SAN DIEGO, CA – The probability of staying disease-free improves dramatically for ovarian cancer patients who already have been disease-free for a period of time, and time elapsed since remission should be taken into account when making follow-up care decisions, according to a study led by researchers at the University of Pittsburgh Cancer Institute (UPCI), a partner with UPMC CancerCenter.
A patient’s prognosis traditionally is determined when they are diagnosed with a disease or when they become disease-free. However, for patients who already have survived or been disease-free for a number of years, these estimates may no longer be accurate because prognosis usually improves over time. Determining a prognosis that takes into account time elapsed since remission may be a more accurate benchmark. This measure is known as conditional disease-free survival.
“Having more accurate information about the risk of recurrence will allow patients and clinicians to make better informed decisions regarding follow-up care after cancer treatment. It also may lead to patients having a better quality of life because a more accurate diagnosis can ease their fears about the cancer coming back,” said Brenda Diergaarde, Ph.D., a UPCI researcher who will present the findings Wednesday at the American Association for Cancer Research (AACR) Annual Meeting 2014.
In the study, researchers estimated disease-free survival and conditional disease-free survival for 404 ovarian cancer patients who had achieved remission and whose information was collected as part of the Hormones and Ovarian Cancer Prediction (HOPE) case-control study. The researchers found disease-free survival estimates for ovarian cancer patients improved dramatically over time, in particular among those with poorer initial prognoses. At time of remission, the probability of staying disease-free for three more years was 48 percent. This increased to 98 percent for patients who had remained disease-free for five years after remission.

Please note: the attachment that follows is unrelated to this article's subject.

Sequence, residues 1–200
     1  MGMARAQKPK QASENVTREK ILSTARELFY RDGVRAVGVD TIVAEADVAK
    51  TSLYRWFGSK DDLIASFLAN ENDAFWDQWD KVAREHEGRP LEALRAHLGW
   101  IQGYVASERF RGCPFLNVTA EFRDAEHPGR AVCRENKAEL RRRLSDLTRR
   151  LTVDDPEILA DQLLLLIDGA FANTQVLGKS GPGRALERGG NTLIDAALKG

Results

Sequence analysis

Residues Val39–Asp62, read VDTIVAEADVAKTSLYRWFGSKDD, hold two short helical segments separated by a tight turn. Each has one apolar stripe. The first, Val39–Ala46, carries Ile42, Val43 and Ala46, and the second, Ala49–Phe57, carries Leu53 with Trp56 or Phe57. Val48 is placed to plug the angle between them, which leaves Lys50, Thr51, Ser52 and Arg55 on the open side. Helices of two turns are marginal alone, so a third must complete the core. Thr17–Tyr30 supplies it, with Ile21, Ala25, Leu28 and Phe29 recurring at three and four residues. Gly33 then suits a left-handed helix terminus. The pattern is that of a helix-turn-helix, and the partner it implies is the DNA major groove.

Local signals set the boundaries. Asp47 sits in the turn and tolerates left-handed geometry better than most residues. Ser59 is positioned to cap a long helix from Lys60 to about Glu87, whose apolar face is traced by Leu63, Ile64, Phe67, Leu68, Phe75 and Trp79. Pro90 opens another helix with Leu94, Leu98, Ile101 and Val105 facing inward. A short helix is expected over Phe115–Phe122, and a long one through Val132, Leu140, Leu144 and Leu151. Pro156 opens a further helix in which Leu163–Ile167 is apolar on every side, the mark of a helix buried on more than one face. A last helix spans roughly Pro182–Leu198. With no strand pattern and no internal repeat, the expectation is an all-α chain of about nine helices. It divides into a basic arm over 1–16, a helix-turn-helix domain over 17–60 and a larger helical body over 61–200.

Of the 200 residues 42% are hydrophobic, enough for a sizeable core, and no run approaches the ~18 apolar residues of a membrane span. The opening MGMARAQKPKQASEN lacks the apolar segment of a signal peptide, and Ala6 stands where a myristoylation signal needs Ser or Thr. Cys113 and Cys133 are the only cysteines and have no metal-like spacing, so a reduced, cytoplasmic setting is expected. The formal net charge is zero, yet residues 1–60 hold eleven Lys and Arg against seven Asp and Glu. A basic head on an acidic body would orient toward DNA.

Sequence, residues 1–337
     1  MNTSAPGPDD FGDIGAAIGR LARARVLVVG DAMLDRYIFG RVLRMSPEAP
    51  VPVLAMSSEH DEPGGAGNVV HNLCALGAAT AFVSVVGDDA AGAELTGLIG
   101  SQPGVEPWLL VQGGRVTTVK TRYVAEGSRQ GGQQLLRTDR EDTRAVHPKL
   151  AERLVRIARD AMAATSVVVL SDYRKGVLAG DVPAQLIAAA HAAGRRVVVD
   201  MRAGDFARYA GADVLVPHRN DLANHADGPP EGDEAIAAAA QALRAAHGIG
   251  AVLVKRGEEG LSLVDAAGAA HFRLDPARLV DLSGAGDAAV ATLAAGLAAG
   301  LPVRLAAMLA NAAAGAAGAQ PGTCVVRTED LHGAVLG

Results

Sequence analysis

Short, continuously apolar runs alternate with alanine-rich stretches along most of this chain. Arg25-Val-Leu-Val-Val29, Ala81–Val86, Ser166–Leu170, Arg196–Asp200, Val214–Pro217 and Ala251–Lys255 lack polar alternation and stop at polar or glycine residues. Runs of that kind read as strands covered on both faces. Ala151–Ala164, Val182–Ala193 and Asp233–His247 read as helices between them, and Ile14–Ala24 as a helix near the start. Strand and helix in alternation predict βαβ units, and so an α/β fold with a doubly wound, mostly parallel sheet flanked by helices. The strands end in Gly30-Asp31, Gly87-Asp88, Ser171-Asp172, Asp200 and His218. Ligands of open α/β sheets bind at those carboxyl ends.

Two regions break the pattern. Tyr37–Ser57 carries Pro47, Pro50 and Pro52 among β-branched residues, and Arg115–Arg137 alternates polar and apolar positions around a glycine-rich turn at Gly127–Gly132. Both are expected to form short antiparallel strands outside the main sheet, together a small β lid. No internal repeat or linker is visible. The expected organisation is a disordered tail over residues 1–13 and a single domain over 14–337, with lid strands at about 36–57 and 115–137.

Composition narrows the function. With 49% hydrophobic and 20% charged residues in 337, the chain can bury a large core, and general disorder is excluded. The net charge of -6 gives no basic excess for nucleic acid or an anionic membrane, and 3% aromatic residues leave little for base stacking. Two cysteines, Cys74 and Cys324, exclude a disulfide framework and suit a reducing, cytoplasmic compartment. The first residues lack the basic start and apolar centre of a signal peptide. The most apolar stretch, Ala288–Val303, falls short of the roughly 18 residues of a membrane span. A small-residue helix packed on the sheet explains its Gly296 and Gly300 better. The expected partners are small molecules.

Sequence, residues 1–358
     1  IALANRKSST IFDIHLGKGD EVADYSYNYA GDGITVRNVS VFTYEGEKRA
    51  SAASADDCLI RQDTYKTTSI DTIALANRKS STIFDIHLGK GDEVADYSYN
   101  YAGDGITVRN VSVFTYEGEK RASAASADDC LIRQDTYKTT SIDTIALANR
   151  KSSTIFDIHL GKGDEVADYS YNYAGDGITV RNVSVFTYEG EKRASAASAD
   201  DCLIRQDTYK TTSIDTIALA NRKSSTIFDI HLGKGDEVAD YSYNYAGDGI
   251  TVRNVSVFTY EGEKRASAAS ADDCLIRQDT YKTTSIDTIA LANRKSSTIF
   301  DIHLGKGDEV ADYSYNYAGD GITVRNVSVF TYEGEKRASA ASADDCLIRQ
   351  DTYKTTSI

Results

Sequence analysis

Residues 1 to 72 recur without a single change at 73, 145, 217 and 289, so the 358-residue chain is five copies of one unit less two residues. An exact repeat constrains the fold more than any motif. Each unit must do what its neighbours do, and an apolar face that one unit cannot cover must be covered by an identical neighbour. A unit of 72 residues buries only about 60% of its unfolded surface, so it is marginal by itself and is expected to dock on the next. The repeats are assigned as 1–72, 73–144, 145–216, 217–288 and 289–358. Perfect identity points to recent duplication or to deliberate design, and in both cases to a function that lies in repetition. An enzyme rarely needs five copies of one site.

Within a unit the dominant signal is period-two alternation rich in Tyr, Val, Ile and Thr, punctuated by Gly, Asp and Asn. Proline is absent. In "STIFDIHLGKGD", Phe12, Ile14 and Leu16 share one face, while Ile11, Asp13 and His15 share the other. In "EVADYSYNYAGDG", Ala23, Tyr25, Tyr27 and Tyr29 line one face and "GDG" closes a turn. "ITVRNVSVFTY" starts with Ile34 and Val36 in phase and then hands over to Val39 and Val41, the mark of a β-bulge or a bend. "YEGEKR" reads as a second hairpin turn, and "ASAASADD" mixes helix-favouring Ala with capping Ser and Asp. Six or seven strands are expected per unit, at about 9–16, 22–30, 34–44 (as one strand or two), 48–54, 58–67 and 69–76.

Additional contributors to the study were Joel L. Weissfeld, M.D., Janet M. Catov, Ph.D., Marnie Bertolet, Ph.D., Francesmary Modugno, Ph.D., Clareann H. Bunker, Ph.D, and Michelle L. Kurta, Ph.D., all of the Department of Epidemiology, University of Pittsburgh Graduate School of Public Health; Robert P. Edwards, M.D., and Kathleen McDonough, Ph.D., both of the University of Pittsburgh Cancer Institute; Kirsten B. Moysich, Ph.D., Roswell Park Cancer Institute; and Roberta B. Ness, M.D., School of Public Health, University of Texas Health Science Center.
The research was supported by National Institutes of Health grants R01 CA095023, R01 CA126841, P30 CA047904 and R25 CA057703.